As we prepare to roll out of the fourth month of cooking at home and into our fifth month, my culinary creativity is tenuous at best. A few weeks ago, when we were already exhausted from cooking and meal planning, we survived on two weeks of sandwiches tossed with a few tuna salad plates. Now, with a new wave of coronavirus surging across the country, luckily, the prolific offerings of summer are here to help us out. And just in time.
Juicy watermelon, gorgeous and plentiful lettuce, zucchini, squash, spring onions, cucumbers and ripe heirloom tomatoes are in full swing at the Santa Fe Farmers Market–and hopefully at your farmers market as well. The summer bounty inspires so many potential meal ideas and many that don’t even require cooking, per se.
While I do love cooking, I love eating more which is why salads are my thing in the heat of the summer. In fact, every time I turn on the oven when it’s already hot outside, I cringe and it better be for a good reason–like this or this. That’s one of the reasons why I want salad as a meal. But most salads aren’t hearty enough to stand alone.
This is not one of those. This salad is a full-on meal and one that you won’t soon forget. Think antipasto plate bumps into an Italian salad. It’s big and bold and beautiful.
Salad as a Meal
The best part is its versatility. It can be made as-is or without the salami and cheese so vegans will love it just as much as omnivores, gluten-free and paleo types. Romaine hearts or iceberg? Your choice. Nancy Silverton’s original recipe from The Mozza Cookbook calls for iceberg, as does Deb Perlman’s version on smittenkitchen.com, but I choose Romaine hearts.
Two strong lettuces–romaine heart and radicchio–are combined with a colorful variation of substantive chickpeas, paper-thin slices of red onion, sliced and pickled pepperoncini peppers and juicy cherry tomatoes. An oregano and garlic-laden vinaigrette bring it all together while ribbons of provolone and salami turn this salad into a healthy summer meal you’ll want to enjoy long into the fall.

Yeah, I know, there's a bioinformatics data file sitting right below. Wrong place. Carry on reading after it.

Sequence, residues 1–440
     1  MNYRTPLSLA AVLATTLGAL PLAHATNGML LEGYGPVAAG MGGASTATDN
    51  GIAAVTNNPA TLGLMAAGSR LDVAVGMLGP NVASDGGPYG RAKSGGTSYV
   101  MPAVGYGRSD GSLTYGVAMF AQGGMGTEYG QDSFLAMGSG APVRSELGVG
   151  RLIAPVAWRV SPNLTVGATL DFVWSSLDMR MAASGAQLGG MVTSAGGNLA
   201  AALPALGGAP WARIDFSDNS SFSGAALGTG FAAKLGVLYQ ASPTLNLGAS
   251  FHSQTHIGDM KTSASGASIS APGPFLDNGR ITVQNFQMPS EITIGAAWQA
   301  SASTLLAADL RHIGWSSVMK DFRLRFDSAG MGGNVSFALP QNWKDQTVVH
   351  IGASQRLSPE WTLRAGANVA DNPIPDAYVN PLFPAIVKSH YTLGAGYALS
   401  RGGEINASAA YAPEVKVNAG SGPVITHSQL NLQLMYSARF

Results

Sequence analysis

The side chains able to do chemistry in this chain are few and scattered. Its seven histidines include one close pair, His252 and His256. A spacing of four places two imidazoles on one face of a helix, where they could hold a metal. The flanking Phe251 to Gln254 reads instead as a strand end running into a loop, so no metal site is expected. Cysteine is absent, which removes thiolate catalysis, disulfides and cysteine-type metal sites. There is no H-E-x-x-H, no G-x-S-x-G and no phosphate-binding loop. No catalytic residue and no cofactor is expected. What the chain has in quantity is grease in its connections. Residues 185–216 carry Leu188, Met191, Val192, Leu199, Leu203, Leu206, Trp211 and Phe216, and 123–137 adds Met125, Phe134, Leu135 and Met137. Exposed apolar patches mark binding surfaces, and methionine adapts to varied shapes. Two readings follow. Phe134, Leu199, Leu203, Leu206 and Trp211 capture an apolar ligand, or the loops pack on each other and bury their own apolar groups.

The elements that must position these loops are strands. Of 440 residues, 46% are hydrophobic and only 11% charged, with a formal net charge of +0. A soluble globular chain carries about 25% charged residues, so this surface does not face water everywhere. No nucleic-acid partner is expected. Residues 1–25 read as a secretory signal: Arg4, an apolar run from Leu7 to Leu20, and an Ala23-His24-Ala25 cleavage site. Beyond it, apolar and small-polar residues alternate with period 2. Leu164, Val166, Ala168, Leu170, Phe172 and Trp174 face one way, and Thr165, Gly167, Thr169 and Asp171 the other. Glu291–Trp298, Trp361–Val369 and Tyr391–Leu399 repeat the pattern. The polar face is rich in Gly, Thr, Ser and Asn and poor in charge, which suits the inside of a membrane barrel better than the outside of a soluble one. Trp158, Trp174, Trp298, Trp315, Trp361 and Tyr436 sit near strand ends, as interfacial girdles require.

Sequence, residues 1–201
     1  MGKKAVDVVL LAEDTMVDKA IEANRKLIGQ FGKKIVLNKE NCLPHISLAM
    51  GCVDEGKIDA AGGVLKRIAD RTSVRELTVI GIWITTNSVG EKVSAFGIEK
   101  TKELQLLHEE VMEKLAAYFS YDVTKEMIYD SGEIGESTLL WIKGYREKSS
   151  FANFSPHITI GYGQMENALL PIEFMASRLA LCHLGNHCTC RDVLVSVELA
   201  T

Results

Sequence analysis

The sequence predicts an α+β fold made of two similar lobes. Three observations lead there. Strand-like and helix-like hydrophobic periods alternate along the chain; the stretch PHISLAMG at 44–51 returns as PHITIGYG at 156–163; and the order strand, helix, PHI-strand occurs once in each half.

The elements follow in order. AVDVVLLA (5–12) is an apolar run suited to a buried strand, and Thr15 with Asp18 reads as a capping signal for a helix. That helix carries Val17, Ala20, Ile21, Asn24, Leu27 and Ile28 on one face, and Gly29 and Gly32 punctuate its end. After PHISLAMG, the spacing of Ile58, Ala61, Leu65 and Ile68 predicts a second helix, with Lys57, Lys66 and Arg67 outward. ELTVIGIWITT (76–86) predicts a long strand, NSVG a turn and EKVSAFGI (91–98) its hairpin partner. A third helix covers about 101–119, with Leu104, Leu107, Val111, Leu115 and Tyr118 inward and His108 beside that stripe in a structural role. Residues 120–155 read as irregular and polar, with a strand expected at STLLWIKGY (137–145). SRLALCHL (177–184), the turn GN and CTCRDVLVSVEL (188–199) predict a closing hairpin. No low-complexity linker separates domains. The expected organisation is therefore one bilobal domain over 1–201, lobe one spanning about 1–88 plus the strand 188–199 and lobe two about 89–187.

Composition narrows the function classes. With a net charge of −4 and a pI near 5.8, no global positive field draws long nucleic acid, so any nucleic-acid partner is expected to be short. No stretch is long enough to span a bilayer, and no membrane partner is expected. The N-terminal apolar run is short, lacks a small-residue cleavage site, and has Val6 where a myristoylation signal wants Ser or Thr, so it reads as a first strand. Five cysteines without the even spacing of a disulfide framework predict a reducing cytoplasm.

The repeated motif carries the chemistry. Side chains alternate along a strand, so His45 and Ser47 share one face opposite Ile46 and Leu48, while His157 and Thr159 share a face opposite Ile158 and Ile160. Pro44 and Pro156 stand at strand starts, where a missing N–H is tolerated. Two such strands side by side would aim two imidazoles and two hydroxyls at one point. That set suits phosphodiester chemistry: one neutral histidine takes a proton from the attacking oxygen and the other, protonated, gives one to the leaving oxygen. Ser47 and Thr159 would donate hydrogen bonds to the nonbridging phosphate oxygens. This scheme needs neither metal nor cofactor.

If you are leaving off the salami and cheese, add roasted red pepper strips and olives for a few more layers of flavor and drops of color. They say we eat with our eyes and this salad will bring everyone to the table.
Nancy's Chopped Salad
As much as I love salads, what I really want during the hot summer months is a salad that eats like a meal. And one that everyone loves--even the meat-eaters and vegans. This is the one. Trust me.
For the oregano-garlic vinaigrette
- 4 cloves garlic
- 1 1/2 tablespoons dried oregano Sicilian variety is the best, if you can find it
- 1/4 teaspoon red pepper flakes
- 2 teaspoons kosher or sea salt
- freshly ground black pepper
- 2 tablespoons fresh lemon juice this is about 1 lemon
- 1/4 cup red wine vinegar
- 1/4 cup extra virgin olive oil
For the salad
- 1 can chickpeas drained
- 1 small red onion paper thin slices
- 1/2 lb provolone get a chunk and then cut it into 1/4" ribbons
- 1/2 lb salami get a chunk and then cut it in 1/4" ribbons
- 6 pepperoncini peppers sliced and stems removed
- 1/2 cup cherry tomatoes
- 2 heads Romaine heart or iceberg lettuce
- 1 head radicchio halved, cored and cut into 1/4" ribbons
- 1/4 cup roasted red pepper optional
- 1/4 cup black and green olives optional
Roughly chop the garlic and then add the oregano, red pepper flakes, salt and up to 1/2 teaspoon ground black pepper. Using a pestle, grind the mixture together to make a grainy herb paste. Add the lemon juice and red wine vinegar and, using a fork, stir well to combine so the salt dissolves. Then, using the fork, whisk in the oil until it's emulsified. The dressing should be thick with garlic and oregano.
In a large salad bowl, add the chickpeas, red onion, provolone, salami and pepperoncini (including seeds and juice). If using roasted red peppers and olives, add them also.
Gently add the lettuces and tomatoes to the salad bowl and dress with half the vinaigrette. Toss to combine, taste and add more vinaigrette, if needed, and adjust seasonings, if needed.
Serve immediately. Reserve any leftover vinaigrette in the refrigerator.
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